Review: Beasts of No Nation

***1/2 OUT OF 4

Filmmaker Cary Joji Fukunaga (“Sin Nombre”, “Jane Eyre”, “True Detective”, Season One) makes an amazing film about a civil war in an unnamed African country as seen through the eyes of a bright, carefree casualty of this tragic circumstance. The little boy soldier whose name is Agu (a remarkable Ghanaian discovery– Abraham Attah) becomes separated from his family who are murdered during the chaos of local discontent and falls under the control of a warlord known as the Commandant (a chilling, Idris Elba) who turns him into a warrior/ killer by addicting him to heroin (“brown-brown) and indoctrinating him into blind obedience.

Fukunaga based his screenplay upon a 2005 debut novel by Uzodinma Iweala but changed the narrative flow to make a more understandable story. The original novel has many flashbacks and a present –tense disposition.

In Elba’s virtuoso performance, The Commandant is portrayed as a monster in the classic Hollywood tradition with a lethal swagger and a lack of empathy for others. He wishes to achieve complete control and nothing is going to get in his way.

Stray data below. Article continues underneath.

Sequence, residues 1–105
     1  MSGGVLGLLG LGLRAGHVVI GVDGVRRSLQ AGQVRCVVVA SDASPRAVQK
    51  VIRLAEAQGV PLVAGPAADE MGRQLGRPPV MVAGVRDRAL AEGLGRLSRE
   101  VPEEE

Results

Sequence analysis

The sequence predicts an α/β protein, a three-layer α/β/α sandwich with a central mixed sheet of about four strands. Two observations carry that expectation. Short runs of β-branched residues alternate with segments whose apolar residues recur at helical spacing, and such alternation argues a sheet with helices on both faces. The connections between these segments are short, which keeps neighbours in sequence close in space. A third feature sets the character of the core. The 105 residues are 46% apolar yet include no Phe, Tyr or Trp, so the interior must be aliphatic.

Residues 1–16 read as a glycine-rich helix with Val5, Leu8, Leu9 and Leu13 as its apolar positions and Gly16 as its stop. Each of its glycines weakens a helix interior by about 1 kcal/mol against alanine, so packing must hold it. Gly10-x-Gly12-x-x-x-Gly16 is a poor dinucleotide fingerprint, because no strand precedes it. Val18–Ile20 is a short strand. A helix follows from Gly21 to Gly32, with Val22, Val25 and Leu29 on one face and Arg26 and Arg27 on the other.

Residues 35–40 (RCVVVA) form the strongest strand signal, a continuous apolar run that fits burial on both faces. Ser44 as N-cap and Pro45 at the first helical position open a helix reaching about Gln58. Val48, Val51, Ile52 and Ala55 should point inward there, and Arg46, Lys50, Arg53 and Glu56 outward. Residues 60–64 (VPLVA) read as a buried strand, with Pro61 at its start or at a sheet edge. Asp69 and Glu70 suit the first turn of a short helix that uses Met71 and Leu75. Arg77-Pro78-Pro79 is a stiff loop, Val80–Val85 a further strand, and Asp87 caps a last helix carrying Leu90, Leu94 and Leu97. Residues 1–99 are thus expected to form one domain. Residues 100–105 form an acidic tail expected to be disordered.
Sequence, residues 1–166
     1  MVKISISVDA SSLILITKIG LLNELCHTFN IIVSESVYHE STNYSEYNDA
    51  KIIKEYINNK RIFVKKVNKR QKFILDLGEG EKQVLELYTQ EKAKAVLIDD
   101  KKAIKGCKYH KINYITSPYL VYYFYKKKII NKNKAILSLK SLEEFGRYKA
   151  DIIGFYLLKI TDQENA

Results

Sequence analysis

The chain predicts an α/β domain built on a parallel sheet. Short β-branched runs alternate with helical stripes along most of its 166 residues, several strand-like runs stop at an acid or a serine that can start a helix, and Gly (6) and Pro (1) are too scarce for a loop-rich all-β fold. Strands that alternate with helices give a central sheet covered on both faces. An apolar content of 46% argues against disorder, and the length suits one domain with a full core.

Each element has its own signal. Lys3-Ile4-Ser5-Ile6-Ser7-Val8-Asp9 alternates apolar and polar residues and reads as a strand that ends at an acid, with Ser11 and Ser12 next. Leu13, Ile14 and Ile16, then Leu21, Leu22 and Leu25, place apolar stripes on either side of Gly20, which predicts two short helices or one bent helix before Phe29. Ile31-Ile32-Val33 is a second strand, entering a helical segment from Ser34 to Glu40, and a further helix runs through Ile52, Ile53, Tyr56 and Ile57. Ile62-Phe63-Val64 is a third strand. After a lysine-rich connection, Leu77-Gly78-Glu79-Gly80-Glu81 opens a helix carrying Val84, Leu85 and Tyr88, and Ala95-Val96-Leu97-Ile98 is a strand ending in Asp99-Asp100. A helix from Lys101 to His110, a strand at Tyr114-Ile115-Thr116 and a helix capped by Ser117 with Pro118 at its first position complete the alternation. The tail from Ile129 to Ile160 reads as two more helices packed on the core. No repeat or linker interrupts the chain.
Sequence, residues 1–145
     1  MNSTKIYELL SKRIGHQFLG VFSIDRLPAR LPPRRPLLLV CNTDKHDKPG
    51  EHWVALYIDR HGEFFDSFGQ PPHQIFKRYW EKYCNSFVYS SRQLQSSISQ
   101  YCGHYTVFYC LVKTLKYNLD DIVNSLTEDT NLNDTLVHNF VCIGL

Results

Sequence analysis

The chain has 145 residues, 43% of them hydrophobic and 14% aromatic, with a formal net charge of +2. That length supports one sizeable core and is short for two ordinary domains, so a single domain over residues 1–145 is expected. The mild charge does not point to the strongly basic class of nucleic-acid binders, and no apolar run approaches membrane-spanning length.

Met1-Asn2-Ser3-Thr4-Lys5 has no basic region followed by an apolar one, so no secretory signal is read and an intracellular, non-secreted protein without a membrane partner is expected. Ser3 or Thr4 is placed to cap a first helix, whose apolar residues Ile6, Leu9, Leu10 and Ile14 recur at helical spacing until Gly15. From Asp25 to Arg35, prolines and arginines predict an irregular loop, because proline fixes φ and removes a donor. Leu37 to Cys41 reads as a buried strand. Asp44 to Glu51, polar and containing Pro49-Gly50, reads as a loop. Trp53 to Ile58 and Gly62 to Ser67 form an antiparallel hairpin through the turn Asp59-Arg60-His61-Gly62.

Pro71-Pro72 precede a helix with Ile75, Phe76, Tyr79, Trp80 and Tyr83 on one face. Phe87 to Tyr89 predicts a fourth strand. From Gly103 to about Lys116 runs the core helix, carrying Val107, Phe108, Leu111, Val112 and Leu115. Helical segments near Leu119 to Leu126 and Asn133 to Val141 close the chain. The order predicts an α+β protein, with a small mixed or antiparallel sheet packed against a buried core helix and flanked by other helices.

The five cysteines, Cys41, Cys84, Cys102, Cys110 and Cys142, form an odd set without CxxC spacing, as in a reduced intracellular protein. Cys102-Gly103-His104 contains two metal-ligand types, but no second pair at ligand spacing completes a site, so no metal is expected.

Fukunaga has a distinct visual style to his work and he is credited as cinematographer as well as producer-director. The rich landscape of coastal Ghana displays vibrant jungle greens and a searing sun. This film paints a brutal portrait of modern day guerilla war. If there is a weakness to the film it is not being able to capture the psyche of the child-soldier to its fullest extent.

The biggest obstacle that faces this film is, since it debuted on Netflix, it is not being picked- up by theaters that show specialty films. It reflects on the growing problem of a shrinking theatrical market for independent films.

By Rob Goald

Senior Editor

 

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